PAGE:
Rainfall has dropped by 30 percent since 1998 in the West African country, leaving nearly 2 million in need of food aid.
The UN Security Council has demanded an immediate halt to an upsurge in fighting in Mali and has threatened to impose sanctions against those responsible for the violence.
The 15-member council said on Friday that renewed fighting this week “threatens to undermine the peace process” and “demanded that the hostilities cease immediately”.
A peace deal is due to be signed in the Malian capital, Bamako, on May 15.
Armed fighters from the Movement of Azawad reportedly entered a northen Mali town on Thursday, AFP news agency reports.
“More than 50 armed men from the Coordination for the Movements of Azawad (CMA) came Thursday to sow terror in Bintagoungou. They killed a man and took six hostages with them,” said Hama Aboubacrine, mayor of the town about 90km to the west of Timbuktu.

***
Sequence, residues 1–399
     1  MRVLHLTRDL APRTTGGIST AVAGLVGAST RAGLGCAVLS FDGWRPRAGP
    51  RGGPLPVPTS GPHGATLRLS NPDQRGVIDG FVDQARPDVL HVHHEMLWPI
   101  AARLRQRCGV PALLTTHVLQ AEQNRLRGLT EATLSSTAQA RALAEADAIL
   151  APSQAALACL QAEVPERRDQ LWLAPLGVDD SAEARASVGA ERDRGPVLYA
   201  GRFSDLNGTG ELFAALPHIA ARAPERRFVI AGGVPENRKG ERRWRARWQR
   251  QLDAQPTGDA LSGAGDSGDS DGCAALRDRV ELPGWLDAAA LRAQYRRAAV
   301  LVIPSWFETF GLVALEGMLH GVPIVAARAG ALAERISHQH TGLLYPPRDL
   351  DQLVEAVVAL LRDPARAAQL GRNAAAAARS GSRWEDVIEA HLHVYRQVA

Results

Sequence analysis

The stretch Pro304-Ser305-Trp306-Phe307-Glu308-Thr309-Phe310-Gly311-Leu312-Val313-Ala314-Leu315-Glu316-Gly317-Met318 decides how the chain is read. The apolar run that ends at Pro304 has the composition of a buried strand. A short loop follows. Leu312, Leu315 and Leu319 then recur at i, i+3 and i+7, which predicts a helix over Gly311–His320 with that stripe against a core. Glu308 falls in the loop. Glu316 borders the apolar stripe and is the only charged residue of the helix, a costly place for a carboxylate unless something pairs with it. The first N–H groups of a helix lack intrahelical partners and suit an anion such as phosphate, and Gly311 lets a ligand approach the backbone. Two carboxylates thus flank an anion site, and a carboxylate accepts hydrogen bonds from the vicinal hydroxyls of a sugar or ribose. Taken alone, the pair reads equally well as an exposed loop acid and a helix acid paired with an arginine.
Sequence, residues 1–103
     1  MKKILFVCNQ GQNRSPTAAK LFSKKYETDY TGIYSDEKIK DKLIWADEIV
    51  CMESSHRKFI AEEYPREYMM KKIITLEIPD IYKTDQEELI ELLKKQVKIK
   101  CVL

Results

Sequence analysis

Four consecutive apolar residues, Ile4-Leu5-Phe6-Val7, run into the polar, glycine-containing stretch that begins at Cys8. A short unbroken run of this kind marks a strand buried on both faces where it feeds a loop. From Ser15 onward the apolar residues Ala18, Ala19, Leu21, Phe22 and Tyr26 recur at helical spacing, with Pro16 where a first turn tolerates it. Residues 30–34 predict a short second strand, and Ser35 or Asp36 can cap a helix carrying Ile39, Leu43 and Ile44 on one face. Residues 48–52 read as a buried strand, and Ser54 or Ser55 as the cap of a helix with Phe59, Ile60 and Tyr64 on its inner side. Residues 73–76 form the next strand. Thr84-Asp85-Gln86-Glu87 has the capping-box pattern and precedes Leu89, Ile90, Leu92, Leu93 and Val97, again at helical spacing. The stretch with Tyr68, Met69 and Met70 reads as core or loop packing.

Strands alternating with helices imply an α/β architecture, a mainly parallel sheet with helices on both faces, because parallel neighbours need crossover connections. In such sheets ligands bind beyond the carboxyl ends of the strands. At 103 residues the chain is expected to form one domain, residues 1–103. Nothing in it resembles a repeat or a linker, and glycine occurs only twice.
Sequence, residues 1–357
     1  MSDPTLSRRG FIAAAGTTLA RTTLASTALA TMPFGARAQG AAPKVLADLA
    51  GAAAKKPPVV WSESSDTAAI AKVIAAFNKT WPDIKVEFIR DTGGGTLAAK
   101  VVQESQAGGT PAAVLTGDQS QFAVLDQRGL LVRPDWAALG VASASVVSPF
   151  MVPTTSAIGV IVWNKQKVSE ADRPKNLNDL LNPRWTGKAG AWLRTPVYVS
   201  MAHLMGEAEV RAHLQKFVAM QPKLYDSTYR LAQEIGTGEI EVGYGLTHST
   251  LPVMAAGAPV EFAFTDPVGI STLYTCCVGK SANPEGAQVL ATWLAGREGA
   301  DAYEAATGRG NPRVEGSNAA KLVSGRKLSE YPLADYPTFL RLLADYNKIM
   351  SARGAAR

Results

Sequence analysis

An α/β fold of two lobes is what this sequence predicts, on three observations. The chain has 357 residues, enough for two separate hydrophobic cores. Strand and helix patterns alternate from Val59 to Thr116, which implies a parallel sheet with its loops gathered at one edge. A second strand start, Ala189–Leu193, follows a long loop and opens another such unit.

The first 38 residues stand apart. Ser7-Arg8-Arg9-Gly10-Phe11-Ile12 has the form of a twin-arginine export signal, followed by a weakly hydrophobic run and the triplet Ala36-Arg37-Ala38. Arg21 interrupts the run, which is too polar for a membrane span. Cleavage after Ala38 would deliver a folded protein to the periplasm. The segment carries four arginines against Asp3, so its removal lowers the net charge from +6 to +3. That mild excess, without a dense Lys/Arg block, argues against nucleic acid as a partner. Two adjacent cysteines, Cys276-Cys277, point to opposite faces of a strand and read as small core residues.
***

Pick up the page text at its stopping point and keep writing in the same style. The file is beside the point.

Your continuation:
“Everyone knows each other here. [The attackers] had a CMA flag,” added the mayor.
The gunmen also pillaged several shops and a pharmacy, and made off with two vehicles.
A Bintagoungou resident also told AFP that his father was one of the six who were taken hostage.
Tuareg groups have clashed with Malian forces and pro-government militias in the north since Monday.
The UN Security Council recalled in a joint statement that it had threatened to impose sanctions earlier in April and said it would now “evaluate next steps” following the fresh fighting.
Tuareg rebel groups have clashed with Malian forces and pro-government militias in the north since Monday. There are currently 10,000 UN peacekeepers stationed in the country.
The Malian government and a coalition of armed groups known as the Platform have signed a peace accord, brokered by Algeria under UN auspices.
But another rebel alliance, known as the Coordination of Azawad Movements, or CMA, is refusing to sign on to the accord.